One thing that is correct is if the brake fluid is contaminated with a petroleum product every part that has rubber that contacts the fluid must be replaced at the same time, and all the steel lines must be flushed and dried, THEN all the new parts can be installed. That is always a very expensive repair and it's much worse on GM vehicles with anti-lock brakes. If any one or more parts are not replaced the contamination will leach out of the rubber and recontaminate the new brake fluid.
One clue you can look for yourself is to remove the cap on the brake fluid reservoir and inspect the rubber bladder seal. If it is blown up and mushy, that is a sign of contamination. If the amount of contaminant in the system is significant the symptoms will show up in less than a week, and often in a few days. As disc brake pads wear, the self-adjusting feature causes the fluid level to drop in the reservoir. That will usually pull that bladder seal down out of the cap. When people check the fluid level, like during oil changes or other routine service, they will typically pop that seal back into the cap. If there is grease on their fingertips, the fluid just became contaminated. Brake system specialists and other experienced mechanics will even wash their hands to remove excess fingerprint grease before working with brake fluid components.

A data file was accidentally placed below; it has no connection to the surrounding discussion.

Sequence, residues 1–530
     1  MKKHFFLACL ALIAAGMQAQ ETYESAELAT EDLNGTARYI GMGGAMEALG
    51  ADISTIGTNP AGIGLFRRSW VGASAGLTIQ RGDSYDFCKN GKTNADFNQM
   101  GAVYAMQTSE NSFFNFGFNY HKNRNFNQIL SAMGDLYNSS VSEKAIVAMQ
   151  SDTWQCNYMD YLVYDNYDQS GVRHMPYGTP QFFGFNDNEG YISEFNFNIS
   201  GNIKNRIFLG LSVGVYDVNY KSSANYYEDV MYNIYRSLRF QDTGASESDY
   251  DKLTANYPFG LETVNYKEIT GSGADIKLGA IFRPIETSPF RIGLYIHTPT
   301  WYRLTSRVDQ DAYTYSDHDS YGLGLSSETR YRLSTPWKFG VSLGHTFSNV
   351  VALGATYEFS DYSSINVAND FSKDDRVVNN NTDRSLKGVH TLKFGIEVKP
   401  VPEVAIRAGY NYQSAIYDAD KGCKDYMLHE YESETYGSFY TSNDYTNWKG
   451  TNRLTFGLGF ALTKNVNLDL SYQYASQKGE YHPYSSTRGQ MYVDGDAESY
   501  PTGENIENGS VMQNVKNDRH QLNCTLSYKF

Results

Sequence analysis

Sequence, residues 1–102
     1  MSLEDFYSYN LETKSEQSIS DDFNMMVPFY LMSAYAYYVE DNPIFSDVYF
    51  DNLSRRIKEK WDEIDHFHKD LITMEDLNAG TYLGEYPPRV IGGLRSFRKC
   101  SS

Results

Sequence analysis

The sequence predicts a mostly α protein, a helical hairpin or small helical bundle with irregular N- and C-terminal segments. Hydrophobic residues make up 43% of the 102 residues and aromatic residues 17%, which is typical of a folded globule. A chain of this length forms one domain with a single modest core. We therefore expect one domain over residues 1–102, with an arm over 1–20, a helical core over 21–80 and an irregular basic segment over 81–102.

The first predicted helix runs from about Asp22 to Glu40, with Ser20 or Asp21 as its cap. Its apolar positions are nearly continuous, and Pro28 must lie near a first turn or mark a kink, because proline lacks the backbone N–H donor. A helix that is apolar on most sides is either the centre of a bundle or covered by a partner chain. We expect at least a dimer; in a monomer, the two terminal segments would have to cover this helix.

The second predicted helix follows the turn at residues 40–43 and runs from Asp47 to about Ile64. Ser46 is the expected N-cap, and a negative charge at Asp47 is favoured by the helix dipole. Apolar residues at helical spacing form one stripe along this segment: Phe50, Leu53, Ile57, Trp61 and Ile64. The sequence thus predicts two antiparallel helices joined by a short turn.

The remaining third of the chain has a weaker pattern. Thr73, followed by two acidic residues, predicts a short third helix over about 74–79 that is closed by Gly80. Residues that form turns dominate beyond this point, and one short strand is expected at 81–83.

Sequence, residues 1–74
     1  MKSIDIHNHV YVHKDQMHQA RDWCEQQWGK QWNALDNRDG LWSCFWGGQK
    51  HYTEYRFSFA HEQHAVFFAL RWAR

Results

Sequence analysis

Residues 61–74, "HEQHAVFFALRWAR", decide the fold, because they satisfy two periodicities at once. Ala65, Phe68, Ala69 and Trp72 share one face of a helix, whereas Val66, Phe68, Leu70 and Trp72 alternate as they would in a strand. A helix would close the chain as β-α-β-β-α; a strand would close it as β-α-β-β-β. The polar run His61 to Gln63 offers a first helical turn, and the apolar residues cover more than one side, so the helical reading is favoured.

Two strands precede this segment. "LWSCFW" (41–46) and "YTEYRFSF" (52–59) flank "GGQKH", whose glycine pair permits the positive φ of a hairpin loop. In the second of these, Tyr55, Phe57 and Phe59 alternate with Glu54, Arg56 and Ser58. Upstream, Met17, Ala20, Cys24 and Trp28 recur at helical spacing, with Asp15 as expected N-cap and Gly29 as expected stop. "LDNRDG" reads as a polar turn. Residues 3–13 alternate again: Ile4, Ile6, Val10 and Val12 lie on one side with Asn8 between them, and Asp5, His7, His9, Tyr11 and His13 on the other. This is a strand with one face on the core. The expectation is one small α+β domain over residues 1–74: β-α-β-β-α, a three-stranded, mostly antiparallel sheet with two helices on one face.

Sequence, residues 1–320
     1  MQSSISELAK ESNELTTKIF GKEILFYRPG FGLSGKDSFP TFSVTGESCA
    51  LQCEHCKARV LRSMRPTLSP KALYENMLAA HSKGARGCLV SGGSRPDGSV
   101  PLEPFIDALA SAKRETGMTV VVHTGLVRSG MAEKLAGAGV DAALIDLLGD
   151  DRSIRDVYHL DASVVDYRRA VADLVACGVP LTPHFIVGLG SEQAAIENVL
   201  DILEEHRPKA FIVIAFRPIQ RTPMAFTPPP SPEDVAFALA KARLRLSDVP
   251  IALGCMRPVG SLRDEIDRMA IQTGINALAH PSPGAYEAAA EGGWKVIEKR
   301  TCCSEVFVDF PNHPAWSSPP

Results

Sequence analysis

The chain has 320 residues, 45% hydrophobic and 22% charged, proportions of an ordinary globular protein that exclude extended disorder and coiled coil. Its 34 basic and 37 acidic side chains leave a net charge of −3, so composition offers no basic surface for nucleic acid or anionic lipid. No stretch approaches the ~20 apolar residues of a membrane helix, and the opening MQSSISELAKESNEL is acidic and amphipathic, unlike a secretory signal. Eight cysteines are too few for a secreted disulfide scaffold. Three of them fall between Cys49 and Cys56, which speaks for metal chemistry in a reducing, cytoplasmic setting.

I was recently involved as an impartial observer of a case of contaminated brake fluid that involved a very intelligent and reputable shop owner and my very conscientious former student who learned a lot from me about preventing fluid contamination. The problem you are going to have is proving no one else worked on the vehicle or had the opportunity to introduce the contamination. That can include carelessness at the dealership or sabotage at a quickie oil change place. Your other problem is you noticed a brake pedal problem before you took it in for service. To me that suggests a defective master cylinder or some other problem other than fluid contamination. Most commonly contaminated fluid results in a brake pedal that is hard to push, doesn't move very far, and the brakes will stay applied and self-apply harder as they get hot. It's kind of doubtful, but not unheard of, that you could have driven more than a few dozen miles with contaminated fluid.
The mechanic also needs to consider a failure in the anti-lock brake hydraulic controller. There have been reports years ago on GM trucks with the brake pedal intermittently going to the floor, and in one case the guy sailed through a red light, luckily harmlessly, then the pedal was fine again moments later. I never did learn what the outcome with that one was.
Thursday, August 1st, 2013 AT 11:42 AM